Investigating dense plasmas with positron waves
Astrophysical and lab-created plasmas under the influence of magnetic fields are the source of intense study. New research seeks to understand the dynamics of position waves traveling through these clouds of highly ionized gas.
The investigation of Electron-Positron-Ion (EPI) plasma — a fully ionized gas of electrons and positrons that includes astrophysical plasmas like solar winds — has attracted a great deal of attention over the last twenty years. A new study published in EPJ D by Garston Tiofack, Faculty of Sciences, University of Marousa, Cameroon, and colleagues, assesses the dynamics of positron acoustic waves (PAWS) in EPI plasmas whilst under the influence of magnetic fields, or magnetoplasmas.
The authors studied the changes in PAWs using a framework of Korteweg-de Vries (KdV) and modified Korteweg-de Vries (mKdV) equations finding a former led to compressive positron acoustic solitary waves (PASWs), whilst the latter resulted in the same and additional rarefactive PASWs. Mathematical models and numerical simulations performed by the researchers also allowed them to consider the effect of various other factors on the magnetoplasma including the concentration of hot electrons to that of positrons and applied nonthermal parameters.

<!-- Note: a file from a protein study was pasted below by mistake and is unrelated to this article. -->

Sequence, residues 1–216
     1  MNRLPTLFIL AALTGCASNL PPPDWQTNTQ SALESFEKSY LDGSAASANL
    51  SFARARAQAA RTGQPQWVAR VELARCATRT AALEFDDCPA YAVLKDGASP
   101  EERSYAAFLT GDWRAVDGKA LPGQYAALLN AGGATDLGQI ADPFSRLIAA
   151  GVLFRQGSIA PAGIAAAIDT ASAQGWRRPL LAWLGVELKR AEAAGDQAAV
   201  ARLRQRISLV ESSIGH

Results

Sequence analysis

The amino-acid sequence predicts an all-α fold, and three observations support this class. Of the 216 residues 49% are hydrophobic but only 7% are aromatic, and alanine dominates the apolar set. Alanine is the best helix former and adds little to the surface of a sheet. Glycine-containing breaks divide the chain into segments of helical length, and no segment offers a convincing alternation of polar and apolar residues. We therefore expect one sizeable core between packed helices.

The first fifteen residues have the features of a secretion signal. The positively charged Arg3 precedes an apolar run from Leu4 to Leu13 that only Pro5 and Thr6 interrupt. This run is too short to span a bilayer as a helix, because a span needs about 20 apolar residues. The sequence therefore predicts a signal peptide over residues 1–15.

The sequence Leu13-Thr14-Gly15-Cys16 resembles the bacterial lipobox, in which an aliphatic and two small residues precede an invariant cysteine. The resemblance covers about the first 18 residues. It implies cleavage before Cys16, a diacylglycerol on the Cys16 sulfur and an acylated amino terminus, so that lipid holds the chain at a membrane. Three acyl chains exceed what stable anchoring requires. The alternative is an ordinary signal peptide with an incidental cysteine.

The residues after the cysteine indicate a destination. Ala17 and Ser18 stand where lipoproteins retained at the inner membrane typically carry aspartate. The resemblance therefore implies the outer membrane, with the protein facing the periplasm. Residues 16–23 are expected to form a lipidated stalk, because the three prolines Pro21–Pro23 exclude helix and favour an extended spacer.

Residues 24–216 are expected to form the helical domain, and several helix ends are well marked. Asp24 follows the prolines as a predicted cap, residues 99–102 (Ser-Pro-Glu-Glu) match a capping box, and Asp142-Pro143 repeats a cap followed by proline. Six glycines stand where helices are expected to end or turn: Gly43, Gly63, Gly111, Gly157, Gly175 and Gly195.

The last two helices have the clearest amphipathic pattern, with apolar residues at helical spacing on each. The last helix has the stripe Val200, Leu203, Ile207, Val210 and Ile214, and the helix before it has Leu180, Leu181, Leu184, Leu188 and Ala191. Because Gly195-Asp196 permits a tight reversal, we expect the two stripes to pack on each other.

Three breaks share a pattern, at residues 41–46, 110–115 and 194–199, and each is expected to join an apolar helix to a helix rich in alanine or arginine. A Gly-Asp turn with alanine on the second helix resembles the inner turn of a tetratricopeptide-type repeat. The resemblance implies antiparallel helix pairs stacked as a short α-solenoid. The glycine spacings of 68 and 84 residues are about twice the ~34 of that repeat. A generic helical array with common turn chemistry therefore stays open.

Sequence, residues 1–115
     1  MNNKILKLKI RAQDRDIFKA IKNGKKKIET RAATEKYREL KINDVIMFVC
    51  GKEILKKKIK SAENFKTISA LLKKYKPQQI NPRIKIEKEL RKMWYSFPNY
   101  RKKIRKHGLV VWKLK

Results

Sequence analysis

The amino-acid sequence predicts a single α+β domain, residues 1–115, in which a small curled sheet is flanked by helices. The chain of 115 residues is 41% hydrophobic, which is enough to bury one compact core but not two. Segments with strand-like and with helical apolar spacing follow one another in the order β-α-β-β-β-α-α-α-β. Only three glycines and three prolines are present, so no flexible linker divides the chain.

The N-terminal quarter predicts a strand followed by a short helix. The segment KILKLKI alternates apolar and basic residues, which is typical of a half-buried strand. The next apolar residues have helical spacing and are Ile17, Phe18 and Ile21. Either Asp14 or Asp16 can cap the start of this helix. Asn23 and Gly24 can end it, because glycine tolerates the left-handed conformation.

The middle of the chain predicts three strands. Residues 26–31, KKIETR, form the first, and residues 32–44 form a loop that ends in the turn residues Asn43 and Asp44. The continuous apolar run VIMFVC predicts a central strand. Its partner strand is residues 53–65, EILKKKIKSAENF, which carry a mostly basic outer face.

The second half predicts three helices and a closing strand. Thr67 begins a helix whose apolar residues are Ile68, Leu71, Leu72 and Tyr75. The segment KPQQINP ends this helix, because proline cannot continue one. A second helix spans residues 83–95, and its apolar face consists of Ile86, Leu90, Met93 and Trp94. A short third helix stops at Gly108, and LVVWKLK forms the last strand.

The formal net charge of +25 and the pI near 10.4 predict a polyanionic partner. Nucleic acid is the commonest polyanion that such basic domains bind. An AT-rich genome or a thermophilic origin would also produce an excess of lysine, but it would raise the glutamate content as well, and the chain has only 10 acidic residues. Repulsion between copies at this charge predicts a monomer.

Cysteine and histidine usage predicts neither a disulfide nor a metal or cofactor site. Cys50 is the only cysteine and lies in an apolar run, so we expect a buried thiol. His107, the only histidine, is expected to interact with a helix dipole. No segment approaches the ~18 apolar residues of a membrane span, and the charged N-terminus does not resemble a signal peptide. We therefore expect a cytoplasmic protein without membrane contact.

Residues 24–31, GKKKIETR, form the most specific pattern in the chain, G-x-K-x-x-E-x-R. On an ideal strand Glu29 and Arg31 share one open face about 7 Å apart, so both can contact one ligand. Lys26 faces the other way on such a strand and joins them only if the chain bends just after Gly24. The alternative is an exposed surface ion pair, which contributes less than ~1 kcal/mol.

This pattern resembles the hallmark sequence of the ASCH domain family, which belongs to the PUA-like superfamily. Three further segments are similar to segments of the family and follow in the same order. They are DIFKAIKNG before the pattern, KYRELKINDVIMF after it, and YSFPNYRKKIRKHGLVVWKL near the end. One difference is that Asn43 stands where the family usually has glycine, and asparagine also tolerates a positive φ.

The team discovered that the transition to chaos in the magnetoplasma depends strongly on the frequency and strength of external periodic perturbations.
The study thus serves a useful guide to understanding the changes that occur at magnetoplasma in Auroral Acceleration Regions (AAR) and as they apply to PAWs. The team's results could also help develop research into astrophysical plasma, which include solar flares and interstellar plasmas thus giving physicists a window into the processes that take place in extreme environments like active galactic nuclei and supernovae explosions.
Bringing the team's research down to earth somewhat, it could also assist teams which generate plasma across the globe. These plasmas play a major role in a new generation of nuclear fusion reactors, which aim to generate clean power by replicating the processes that occur in the stars.
These plants use plasmas which are controlled with the use of powerful magnetic fields, thus making the understanding of such influences of critical importance to future clean energy production.